Urhobo Historical Society

WARRI
LAND, OVERLORDS & LAND RIGHTS
(OMETAN Vs DORE NUMA)
FACT, FICTION & IMPERIALISM

By D. A. Obiomah

 Originally published in Warri by GKS Printers. Published in URHOBO WAADO by permission of Mr. D. A. Obiomah.
© D. A. Obiomah 1987, 2002

 

CONSTRUING THE OVERLORSHIP OF THE OLU - PRELUDE

In 1927 the Itsekiris mooted the end of the interregnum which started in 1848. They wished for an Olu to be installed. But Government would not hear of it. To them Chief Dore was Olu hence no Olu could be appointed untilafter Dore's death. If even the idea of installing an Olu was therefore dropped, the Lugardian policy of growing Emirs where none existed had failed. On Dore's death in 1932, he had to be succeeded by the new Itsekiri Council for Itsekiri affairs while deliberations went on clminating in the installation of Ginuwa II, Olu of Itsekiri in 1936. The Itsekiris had asked, and government had refused, notwithstanding all that had gone before, to style the Olu, Olu of Warri. Otherwise, nothing changed much. The Secretary Southern Provices' Office recalling the situation wrote that "it appears by no means certain that the Hekris have been disposed to take full advantage of the Privy Council decision; or that they have been encourage to do so" because in the opinion of the Lt. Governor now Sir William Hunt, "the Jekris rights as 'overlords' of the area "are still governed by native law and custom" by now so confused from manipulation, thus defying definition.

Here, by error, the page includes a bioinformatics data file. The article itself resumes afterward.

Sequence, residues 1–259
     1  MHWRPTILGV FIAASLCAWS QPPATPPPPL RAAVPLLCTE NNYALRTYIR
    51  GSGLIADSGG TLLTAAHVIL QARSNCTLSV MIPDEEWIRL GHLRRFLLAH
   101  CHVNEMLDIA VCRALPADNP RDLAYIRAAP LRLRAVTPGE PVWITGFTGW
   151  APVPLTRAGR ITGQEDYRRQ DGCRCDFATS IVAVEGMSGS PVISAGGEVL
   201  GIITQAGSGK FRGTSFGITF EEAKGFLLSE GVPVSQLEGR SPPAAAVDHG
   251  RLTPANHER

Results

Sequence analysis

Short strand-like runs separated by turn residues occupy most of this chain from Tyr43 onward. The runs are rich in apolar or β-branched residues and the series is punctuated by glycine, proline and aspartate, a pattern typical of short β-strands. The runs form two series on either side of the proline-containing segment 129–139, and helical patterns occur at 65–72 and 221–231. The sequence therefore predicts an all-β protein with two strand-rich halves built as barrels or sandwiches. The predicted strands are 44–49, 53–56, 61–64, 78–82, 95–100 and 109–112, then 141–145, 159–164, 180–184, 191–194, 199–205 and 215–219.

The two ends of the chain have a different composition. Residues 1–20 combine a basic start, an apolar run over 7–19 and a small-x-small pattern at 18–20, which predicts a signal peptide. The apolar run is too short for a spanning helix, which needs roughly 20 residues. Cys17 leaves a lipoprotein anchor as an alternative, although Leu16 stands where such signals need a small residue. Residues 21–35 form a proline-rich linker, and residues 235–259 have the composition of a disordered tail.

It was not until 1941 that the British Conlonial Government took the initiative. The later African cemetry, outside the area of the leases had been compulsorily acquired by the Government from Agbarha people. Further extension necessitated further acquisition. Who should receive compensation? Government on its own initiative instituted Suit No. W/44/1941, Chief Commissioner, Western Provinces v Ginuwa II, the Olu of itsekiri, Sam Warri Esi and Obiomah Ejenavbo. Similar initiative was taken by the Government on two other occasions in suits No. W/3/49 and No. W/22/56 when it required Agbarha lands. In the first two cases only a token amount of about 5% was awarded by the court to the Olu of Itsekiri, even then to the chagrin of the Agbarha who abhorned the idea. But worse was to come. In the third Suit No. W/22/56 the proportion fell to 2/3 for the Agbarha people and rose to 1/3 for the Itsekiri Communal Lands Trust. This was to be the pattern henceforth. The Trust took us to court for a share of compensation which the Agbarha always refused to give voluntarily.


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